The B’nai B’rith Messenger [BBM], named after Los Angeles’s foremost nineteenth-century congregation of the same name, chronicled Jewish life in the city for almost one hundred years (1897-1995).
The paper was first published as the Emanu-El on March 10, 1897. It carried the same moniker as San Francisco’s then almost-two-year-old and widely-read Jewish newspaper, which was named for that city’s Gold Rush-era synagogue. Rabbi Jacob Voorsanger, the rabbi of Congregation Emanu-El in San Francisco, criticized the new paper’s lack of originality, and in April, 1898, the Los Angeles paper changed its name to the B’nai B’rith Messenger. Replicating the San Francisco example, the paper called itself after its city’s prominent Reform temple, B’nai B’rith, now known as Wilshire Boulevard Temple.
Lionel L. Edwards, a native of San Francisco and relatively new to the newspaper business, founded and published the B’nai B’rith Messenger when he was just twenty-four years old. His editor for more than nineteen years was Victor Harris, a traditional Jew, who lived with the Edwards family, and was a Zionist and active figure in Jewish organizational life. The hope was that the B’nai B’rith Messenger would come to educate and inform Jewish Los Angeles, a growing community which by the beginning of the 20th century numbered over 2,000. With the name change, Edwards introduced a larger-sized paper and distributed issues to Jewish publications around the country, and to secular newspapers in the city. The paper reflected his belief in a “dignified” press. In addition to embracing Zionism, the Messenger editorially supported the settling Eastern European Jews in Mexico, rather than California, and prior to 1917, it advocated American neutrality in World War I, arguing that European countries on both sides of the conflict espoused anti-Semitism.
With the expansion of the Los Angeles Jewish community in the 1920s, the Messenger, initially a bi-monthly, became a weekly. It encouraged community cohesion and chronicled the Los Angeles community’s steady growth. Reporting on local, national, and international news with different degrees of emphasis, depending on the sensibilities of its current publisher and editor, the Messenger is particularly important, historically, for its reports on local meetings, lectures, the comings and goings of rabbis and community leaders, the visits of international figures, and the rise of the city’s Jewish communal institutions. At different times, the paper also included a Zionist bulletin, Jewish sports reports, news of Hollywood, and editorials. Frequent editorial topics included: Jewish education, pleas for Jewish unity, and the need for new arrivals to join synagogues. One strong editorial condemned Jews who violated provisions of the Volstead Act that enforced the Constitutional prohibition of alcohol. Congregation B’nai B’rith’s flamboyant rabbi, Edgar Magnin, also became a frequent contributor to the paper. Authoring his own column for many years, under several editors, he commented on community activities, promoted relations between Christians and Jews, and reviewed Hollywood movies.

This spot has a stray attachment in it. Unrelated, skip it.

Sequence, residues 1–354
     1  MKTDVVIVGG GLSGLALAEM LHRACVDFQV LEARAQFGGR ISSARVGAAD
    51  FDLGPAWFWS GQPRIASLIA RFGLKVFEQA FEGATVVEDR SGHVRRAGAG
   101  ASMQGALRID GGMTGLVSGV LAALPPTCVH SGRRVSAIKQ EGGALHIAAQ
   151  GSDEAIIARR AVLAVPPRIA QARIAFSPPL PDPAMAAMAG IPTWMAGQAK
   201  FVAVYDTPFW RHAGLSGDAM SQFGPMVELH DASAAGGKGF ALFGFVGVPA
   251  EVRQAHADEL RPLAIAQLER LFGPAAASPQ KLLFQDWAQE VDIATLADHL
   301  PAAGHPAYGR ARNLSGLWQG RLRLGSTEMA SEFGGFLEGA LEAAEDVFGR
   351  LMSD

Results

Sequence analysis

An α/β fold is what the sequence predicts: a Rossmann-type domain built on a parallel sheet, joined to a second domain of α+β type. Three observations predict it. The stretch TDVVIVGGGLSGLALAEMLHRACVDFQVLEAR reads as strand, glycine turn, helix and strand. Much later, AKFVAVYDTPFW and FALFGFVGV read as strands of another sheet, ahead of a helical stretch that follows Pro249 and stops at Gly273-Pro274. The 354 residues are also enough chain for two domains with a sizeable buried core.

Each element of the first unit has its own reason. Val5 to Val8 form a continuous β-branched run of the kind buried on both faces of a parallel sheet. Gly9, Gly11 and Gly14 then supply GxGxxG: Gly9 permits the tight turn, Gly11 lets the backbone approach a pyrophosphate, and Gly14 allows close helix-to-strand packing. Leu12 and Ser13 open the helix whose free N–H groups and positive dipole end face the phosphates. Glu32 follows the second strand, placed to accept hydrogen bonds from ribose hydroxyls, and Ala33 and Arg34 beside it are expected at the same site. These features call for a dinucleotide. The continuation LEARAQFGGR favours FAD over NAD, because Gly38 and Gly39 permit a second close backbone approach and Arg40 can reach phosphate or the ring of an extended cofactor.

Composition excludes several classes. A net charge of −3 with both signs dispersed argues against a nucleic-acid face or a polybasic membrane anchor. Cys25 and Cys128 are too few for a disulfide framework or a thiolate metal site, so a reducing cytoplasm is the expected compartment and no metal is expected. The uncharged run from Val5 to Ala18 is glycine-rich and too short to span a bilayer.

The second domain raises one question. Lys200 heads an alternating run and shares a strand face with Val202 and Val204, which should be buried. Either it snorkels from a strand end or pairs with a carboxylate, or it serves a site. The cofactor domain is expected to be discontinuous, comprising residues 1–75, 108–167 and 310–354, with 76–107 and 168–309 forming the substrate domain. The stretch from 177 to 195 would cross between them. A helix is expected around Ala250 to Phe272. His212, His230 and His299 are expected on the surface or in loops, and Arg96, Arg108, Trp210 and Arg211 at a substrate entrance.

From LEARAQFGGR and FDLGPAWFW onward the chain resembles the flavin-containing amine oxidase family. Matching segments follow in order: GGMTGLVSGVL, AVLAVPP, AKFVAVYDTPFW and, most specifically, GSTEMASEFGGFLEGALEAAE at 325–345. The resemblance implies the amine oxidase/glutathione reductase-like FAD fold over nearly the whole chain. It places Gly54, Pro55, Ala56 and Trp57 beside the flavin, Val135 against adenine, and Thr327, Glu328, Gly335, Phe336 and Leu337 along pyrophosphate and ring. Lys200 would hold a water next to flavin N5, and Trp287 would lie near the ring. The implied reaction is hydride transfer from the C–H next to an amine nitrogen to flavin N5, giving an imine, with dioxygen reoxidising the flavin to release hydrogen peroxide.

Attorney Joseph Cummins, who lived in Los Angeles and at different times owned Jewish newspapers in Chicago, Detroit, Toledo, St. Louis, and Kansas City, purchased the B’nai B’rith Messenger from Edwards in 1929, merging it with his own Los Angeles paper, the California Jewish Review. The masthead now read: the B’nai B’rith Messenger, with the California Jewish Review. Cummins and his editors put their mark on the paper, reducing its number of pages, featuring more world news, providing a detailed financial page, and shortening Rabbi Magnin’s column, restricting it to religious topics, and moving it from the front of the paper to the back near the editorial section. Informational pages that listed synagogues, their locations, officers, and events were eliminated. More columnists were hired and the paper became more diverse.
Cummins continued to publish the Messenger for the next fifty years. A local mover and shaker, he and his paper became prominent community fixtures – not least because he ran the paper out of his law office and his clients included the likes of Hollywood’s Errol Flynn and Betty Davis. In 1933, Cummins organized a boycott of Nazi Germany’s exports. Later, as Los Angeles grew from its core to its valleys and suburbs, he expanded his readership by purchasing smaller papers, gaining a larger territory and a larger customer base. Jewish families took the Messenger with them as they moved to newly developed neighborhoods in Los Angeles’s urban sprawl. As a result, the B’nai B’rith Messenger claimed at one time to be the largest independently owned Anglo-Jewish weekly in the United States. Times changed in the 1970s and 1980s, as the Messenger fought challenges from independent Jewish and federation-owned newspapers. After Cummins’ death in 1980, his paper was sold and renamed the L.A. Jewish Times.
Although it eventually failed, the Messenger left a treasure-trove for those interested in 20th century western Jewish history. The rise of Los Angeles Jewry, the emergence of Jews in Hollywood, the creation of West Coast Jewish educational and cultural institutions, and the development of distinct forms of Judaism and Jewishness on the Pacific Coast all are chronicled in the Messenger’s pages.
Submitted by: Ava F. Kahn